No MeSH data available.


Transportation of Ebola patients
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Fig1: Transportation of Ebola patients

Mentions: Comparison of our three countries' guidelines highlights the importance of key principles that are necessary for a trained team [13] to improve their performance in stress conditions and avoid possible fatal mistakes, including the necessity of detailed procedures concerning doffing and disinfection, as well as risk assessment for each situation, with procedures adapted to local circumstances and the patient’s clinical presentation (Fig. 1). This guidance is continuing to evolve to accommodate new data and experience.Fig. 1


Pre-hospital transportation in Western countries for Ebola patients, comparison of guidelines.

Coignard-Biehler H, Isakov A, Stephenson J - Intensive Care Med (2015)

Transportation of Ebola patients
© Copyright Policy - OpenAccess
Related In: Results  -  Collection

Show All Figures
getmorefigures.php?uid=PMC4502292&req=5

Fig1: Transportation of Ebola patients
Mentions: Comparison of our three countries' guidelines highlights the importance of key principles that are necessary for a trained team [13] to improve their performance in stress conditions and avoid possible fatal mistakes, including the necessity of detailed procedures concerning doffing and disinfection, as well as risk assessment for each situation, with procedures adapted to local circumstances and the patient’s clinical presentation (Fig. 1). This guidance is continuing to evolve to accommodate new data and experience.Fig. 1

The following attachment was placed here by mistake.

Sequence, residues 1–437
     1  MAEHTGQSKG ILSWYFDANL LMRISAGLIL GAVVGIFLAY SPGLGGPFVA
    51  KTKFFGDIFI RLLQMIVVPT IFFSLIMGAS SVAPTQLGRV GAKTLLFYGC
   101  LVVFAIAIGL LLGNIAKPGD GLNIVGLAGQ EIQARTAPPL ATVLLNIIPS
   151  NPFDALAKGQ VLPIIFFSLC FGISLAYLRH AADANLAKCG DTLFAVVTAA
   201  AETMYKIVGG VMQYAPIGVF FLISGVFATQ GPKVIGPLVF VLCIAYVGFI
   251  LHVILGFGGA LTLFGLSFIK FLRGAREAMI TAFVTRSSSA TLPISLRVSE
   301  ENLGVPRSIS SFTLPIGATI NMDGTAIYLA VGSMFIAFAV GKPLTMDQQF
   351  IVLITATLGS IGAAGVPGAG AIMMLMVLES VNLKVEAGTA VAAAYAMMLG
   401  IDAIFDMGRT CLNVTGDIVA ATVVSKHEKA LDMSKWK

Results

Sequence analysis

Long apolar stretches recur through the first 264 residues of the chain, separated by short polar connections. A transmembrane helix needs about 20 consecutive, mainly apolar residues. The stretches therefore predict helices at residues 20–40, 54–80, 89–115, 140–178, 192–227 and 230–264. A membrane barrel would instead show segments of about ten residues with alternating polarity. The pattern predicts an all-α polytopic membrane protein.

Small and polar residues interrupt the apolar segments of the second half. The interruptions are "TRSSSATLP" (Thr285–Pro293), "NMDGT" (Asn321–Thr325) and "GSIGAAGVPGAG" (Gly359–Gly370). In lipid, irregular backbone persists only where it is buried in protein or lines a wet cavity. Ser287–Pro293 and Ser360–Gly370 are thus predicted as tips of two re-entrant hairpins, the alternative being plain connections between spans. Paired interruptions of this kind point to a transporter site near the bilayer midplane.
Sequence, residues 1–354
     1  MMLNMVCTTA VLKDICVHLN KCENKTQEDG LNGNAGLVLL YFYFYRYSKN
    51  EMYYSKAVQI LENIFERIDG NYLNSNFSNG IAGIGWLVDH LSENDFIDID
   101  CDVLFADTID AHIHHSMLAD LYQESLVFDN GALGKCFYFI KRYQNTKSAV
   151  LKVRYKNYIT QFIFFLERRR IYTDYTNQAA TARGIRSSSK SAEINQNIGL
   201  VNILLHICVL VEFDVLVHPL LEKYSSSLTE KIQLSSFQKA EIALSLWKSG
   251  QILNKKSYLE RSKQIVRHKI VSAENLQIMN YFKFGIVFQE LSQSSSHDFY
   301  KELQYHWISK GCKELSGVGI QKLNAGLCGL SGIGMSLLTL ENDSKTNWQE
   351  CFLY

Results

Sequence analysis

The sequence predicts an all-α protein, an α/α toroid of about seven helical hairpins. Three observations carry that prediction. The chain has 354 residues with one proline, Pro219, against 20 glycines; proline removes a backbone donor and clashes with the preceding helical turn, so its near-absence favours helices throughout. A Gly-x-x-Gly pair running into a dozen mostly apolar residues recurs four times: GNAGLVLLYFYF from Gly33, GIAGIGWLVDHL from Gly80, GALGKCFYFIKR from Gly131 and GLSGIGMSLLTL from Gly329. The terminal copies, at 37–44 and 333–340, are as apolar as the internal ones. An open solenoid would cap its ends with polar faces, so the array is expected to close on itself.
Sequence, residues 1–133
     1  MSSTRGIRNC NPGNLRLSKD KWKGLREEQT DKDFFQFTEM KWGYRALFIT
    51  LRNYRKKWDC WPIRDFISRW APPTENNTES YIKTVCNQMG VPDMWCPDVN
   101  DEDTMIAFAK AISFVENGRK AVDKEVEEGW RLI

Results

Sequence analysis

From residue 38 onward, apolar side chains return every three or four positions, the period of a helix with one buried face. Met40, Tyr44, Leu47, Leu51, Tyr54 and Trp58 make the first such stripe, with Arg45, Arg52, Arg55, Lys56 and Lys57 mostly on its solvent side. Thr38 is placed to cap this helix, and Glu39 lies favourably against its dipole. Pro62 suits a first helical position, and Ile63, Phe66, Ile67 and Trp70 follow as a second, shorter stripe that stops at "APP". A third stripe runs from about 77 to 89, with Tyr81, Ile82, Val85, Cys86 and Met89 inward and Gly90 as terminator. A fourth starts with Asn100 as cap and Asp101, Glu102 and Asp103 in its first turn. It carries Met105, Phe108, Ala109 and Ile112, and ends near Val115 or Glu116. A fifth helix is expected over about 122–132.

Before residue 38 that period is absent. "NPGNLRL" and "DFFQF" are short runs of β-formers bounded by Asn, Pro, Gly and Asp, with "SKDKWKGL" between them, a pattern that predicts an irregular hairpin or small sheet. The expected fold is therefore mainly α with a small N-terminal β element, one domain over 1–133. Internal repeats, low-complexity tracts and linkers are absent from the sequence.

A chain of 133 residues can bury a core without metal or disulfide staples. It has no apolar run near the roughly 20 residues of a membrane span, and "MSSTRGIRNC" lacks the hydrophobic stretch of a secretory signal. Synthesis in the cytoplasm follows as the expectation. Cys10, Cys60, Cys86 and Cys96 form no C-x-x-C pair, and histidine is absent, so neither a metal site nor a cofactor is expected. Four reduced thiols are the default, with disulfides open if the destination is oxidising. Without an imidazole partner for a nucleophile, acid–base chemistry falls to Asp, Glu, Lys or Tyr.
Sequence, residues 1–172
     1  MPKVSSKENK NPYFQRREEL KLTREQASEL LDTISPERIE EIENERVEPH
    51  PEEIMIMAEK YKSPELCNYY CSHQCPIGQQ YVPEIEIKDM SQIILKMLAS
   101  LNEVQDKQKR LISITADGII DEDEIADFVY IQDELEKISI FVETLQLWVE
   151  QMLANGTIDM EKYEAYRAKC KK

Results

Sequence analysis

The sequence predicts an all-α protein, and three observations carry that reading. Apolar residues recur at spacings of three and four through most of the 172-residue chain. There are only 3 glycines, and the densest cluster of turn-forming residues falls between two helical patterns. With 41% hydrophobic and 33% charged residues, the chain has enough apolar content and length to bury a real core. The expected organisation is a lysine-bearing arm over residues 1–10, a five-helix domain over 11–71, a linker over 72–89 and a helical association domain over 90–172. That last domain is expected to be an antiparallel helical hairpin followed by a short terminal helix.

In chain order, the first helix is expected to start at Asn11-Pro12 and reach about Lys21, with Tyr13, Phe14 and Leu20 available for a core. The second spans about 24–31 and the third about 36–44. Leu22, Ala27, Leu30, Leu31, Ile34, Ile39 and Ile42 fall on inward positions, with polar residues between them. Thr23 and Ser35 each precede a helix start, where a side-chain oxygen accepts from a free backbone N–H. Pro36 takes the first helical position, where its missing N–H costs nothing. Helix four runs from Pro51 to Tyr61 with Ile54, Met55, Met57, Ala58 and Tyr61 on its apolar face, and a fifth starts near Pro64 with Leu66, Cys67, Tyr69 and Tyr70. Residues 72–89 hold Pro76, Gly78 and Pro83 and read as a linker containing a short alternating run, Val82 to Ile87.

View Article: PubMed Central - PubMed

Affiliation: SPILF COREB Emergences (Coordination Opérationnelle du Risque Epidemique et Biologique), COREB AP-HP, LabEx IBEID Institut Pasteur, Service des Maladies Infectieuses et Tropicales, SAMU 75, Hôpital Necker-Enfants Malades, Paris, France, helene.coignard@nck.aphp.fr.

AUTOMATICALLY GENERATED EXCERPT
Please rate it.